x115 (so. damn. hard.)

I try so hard.

I really don’t mean to sound like a martyr. But I try so damn hard. Taking self-esteem classes, reading books that paint housewifery as a radical social movement, making promises that I won’t go through with it.

And yet,

When I’m there,

In the dark theatre,

The thoughts come.

You’re worthless

You should end it

You’re not contributing anything

So just do it

And get it over with.

And then I wonder if the reason I feel this way isn’t my fault.

I had a nightmare Sunday night.

It left me incapacitated most of Monday.

I heard her ask him,

“Did you molest her? I need to know.”

And then I felt myself slipping into a flashback. But as usual, the full-on flashback never hit. I was terrified, so I kept repeating over and over again

It’s 2014 and you’re safe.

It’s 2014 and you’re safe.

And then the nightmare.

He reached over, grabbed my chest, and grabbed my crotch. And I could feel it. The body memories were strong.

“He” was a big scary monster with red eyes. So I know it wasn’t a flashback. Not really.

But I could feel it. I could feel him molesting me. I tried to push him away, screaming

It’s 2014 and you’re safe.

But I could feel it.

It would be so easy to say that my self-esteem issues stem back to that incident. Except I don’t even know if that incident even happened, or when it did. My therapist seems to think something happened. And I now officially have PTSD. But I still don’t know. And in the meantime, those nightmares, which happen about once a month, are pretty much all the trauma I can cope with. Maybe that’s why the suicidal thoughts came. I had a rough week and I just need to work more on the self-care. Try a little harder.

But I’m so damn sick of trying.

I just wish it was easier to convince myself that I’m worthwhile. That I deserve to take up space and waste oxygen. Or, you know, whatever the nice way of saying “take up space” and “waste oxygen” is.

Sometimes I want it to be true. Other times I don’t. I remember someone telling me that I have every right to feel bad, and that I shouldn’t feel guilty for feeling bad. And when I feel guilty for feeling bad? I wish it were true. So it would explain why I’m so fucked up. Or, you know, if I’m being nice to myself, “so it would explain why I feel so fucked up”. So I could say it’s not my fault and I have every right to feel bad. So I could have a convenient excuse.

Hi, my name is Aurora, and I feel bad.

Hi Aurora.

Hi, my name is Aurora, and I get suicidal thoughts sometimes.

Hi Aurora.

Hi, my name is Aurora, and I have nightmares where I can feel it happening.

Hi Aurora.

Hi, my name is Aurora, and sometimes I don’t want my writing to have a point. Sometimes I just want to complain. Or get things off my chest. Get a little release.

Hi Aurora.

Hi, my name is Aurora, and I’m not going to kill myself. Or even cry. Fuck it, I’m just going to eat a bunch of cookies. Because downing an entire box of Oreos is totally appropriate self-care.

Because when you try so damn hard

It uses up a lot of calories. However many calories are in a package of Oreos.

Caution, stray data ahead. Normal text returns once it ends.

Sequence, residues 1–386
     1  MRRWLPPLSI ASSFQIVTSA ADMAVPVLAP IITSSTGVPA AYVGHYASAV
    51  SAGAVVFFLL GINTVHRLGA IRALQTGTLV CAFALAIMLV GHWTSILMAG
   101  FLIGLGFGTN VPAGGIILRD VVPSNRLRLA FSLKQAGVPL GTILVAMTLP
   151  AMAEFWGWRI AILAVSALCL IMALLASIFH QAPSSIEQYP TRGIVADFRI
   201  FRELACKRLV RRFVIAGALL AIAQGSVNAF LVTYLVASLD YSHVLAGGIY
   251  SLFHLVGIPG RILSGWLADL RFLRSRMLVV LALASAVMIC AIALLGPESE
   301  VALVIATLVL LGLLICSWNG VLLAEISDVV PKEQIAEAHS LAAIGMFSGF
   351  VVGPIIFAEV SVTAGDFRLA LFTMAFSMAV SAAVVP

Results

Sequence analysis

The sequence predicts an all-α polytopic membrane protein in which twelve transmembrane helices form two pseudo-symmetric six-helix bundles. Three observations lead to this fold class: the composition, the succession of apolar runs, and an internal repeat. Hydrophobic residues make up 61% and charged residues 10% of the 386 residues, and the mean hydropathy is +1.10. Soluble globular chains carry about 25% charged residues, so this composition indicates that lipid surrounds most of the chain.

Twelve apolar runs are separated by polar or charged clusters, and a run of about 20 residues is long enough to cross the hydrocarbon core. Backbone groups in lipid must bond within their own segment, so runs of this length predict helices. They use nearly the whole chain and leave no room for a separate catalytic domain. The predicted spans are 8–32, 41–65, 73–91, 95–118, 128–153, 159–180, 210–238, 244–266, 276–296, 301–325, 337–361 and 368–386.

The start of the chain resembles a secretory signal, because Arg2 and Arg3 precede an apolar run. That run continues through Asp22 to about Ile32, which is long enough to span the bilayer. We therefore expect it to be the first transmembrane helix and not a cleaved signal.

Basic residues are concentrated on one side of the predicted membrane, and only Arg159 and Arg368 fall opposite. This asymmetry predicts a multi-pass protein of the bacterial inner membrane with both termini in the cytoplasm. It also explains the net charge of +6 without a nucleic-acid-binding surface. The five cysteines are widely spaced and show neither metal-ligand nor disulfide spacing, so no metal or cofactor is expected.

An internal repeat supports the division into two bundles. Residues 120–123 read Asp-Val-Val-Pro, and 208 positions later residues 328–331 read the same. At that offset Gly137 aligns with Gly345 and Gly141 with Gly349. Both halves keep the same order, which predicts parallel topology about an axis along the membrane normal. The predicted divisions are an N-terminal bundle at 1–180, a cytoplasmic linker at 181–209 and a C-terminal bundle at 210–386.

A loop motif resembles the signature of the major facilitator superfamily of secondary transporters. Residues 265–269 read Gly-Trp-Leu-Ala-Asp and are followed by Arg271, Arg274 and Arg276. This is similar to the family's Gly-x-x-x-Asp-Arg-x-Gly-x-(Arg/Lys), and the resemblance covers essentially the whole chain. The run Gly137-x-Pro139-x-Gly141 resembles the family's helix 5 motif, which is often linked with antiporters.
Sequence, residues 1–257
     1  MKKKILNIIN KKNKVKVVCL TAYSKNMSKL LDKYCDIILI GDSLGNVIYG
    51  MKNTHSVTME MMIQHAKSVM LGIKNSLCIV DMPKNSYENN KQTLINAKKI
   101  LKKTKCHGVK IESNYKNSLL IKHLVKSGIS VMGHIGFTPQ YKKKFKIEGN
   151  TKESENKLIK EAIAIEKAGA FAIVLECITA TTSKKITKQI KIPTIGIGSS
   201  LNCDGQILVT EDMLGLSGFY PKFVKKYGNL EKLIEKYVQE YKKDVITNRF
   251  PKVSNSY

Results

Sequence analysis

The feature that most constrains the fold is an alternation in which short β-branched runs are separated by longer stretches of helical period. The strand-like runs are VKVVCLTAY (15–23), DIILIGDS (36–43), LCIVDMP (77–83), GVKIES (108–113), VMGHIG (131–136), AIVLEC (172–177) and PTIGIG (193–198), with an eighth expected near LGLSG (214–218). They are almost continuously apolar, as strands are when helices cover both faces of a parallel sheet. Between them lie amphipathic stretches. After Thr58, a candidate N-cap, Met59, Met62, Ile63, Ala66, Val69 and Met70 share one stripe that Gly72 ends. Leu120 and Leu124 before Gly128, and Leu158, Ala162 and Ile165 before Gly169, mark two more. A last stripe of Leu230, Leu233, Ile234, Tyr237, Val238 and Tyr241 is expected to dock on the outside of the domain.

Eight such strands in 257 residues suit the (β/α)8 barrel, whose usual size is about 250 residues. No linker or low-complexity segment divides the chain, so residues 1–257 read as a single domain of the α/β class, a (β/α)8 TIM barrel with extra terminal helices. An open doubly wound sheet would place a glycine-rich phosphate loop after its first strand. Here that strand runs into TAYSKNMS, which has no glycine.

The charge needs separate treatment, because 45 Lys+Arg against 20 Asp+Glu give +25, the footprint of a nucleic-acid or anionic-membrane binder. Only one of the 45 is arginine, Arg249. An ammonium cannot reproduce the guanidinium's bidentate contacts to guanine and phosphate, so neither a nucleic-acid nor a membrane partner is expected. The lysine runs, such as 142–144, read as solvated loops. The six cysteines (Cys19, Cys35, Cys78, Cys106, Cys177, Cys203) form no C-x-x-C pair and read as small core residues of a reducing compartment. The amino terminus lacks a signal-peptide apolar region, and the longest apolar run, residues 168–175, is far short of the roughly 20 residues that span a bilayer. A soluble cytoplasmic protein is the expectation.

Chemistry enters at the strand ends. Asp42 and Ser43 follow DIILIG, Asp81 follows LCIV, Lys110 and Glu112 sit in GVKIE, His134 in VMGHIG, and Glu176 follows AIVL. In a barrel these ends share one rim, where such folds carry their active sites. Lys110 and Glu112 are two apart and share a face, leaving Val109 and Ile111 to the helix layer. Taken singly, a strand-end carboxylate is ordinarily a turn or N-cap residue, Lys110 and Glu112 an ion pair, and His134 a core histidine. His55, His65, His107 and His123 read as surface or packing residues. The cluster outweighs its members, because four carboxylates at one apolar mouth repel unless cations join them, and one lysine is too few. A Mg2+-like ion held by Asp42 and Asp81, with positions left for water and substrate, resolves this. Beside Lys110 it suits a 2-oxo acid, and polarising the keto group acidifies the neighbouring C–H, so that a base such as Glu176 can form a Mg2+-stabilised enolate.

(And maybe a couple of spoonfuls of Nutella.)

7 responses to “x115 (so. damn. hard.)

  1. You Are worthwhile.
    You Oh–Sooooooooooooo–deserve to take up space & oxygen.
    Not only that, but you make the space BETTER, sweeter.
    You are valued.
    You are beautiful.
    You are cherished.
    Believe it.
    Believe it.
    Believe it.
    Love flowing from Minnesota. xx

  2. FYI, housewifery is not a radical movement. It sucks. Cleaning sucks. Cooking can occcasionally be fun and creative, but come on, three meals a day, EVERY day!? The demands are relentless.

    If taking care of yourself means eating Oreos, then go for it; unless, of course, you are diabetic or morbidly obese, in which case it’s time for another guilty pleasure. Rant. Rave. Rage. Curl up into the fetal position and cry. Just don’t stay there. Let it pass. Take care.

    • Kitt – I definitely value your opinion on housewifery; that being said, what I was referring to is explained more in depth here: http://apracticalwedding.com/2013/07/feminism-and-the-new-domesticity/. In some cases housewifery/homemaking are considered radical in that we’re talking about folx who, say, are into disaster preparedness and insist on making most things themselves and they have a desire to go back to a pre-capitalist, pre-industrialist society where we can really rely on ourselves instead of corporations. Mostly though they’re referring to the idea of homemaking or housewifery being “radical” in that you can still be a feminist while doing it, and that in some ways it can be a feminist act. I’ve read both the books in the above blog post and I found them to be really interesting!

      I am neither diabetic nor morbidly obese, and I don’t actually eat the entire box in one sitting, so… 😉 Thanks for your comment!

      • Actually, I am a stay-at-home mother and if I had taken the time to research what you were talking about, I would have agreed. “Women’s” work is work and is just as valuable, if not more valuable, than what was traditionally considered “men’s” work. You are right, you can be, as I am, a feminist and still make a home. I just ruffle my feathers a bit at any expectation of June Cleaver perfection, which was not what you were talking about. I do what I can as well as I choose or am able, whichever the case may be. Thank you for setting me straight and teaching me something new.

  3. You deserve to live. You deserve to live. You deserve to live.

    I will keep repeating this until you believe it in the moments when you don’t want to.

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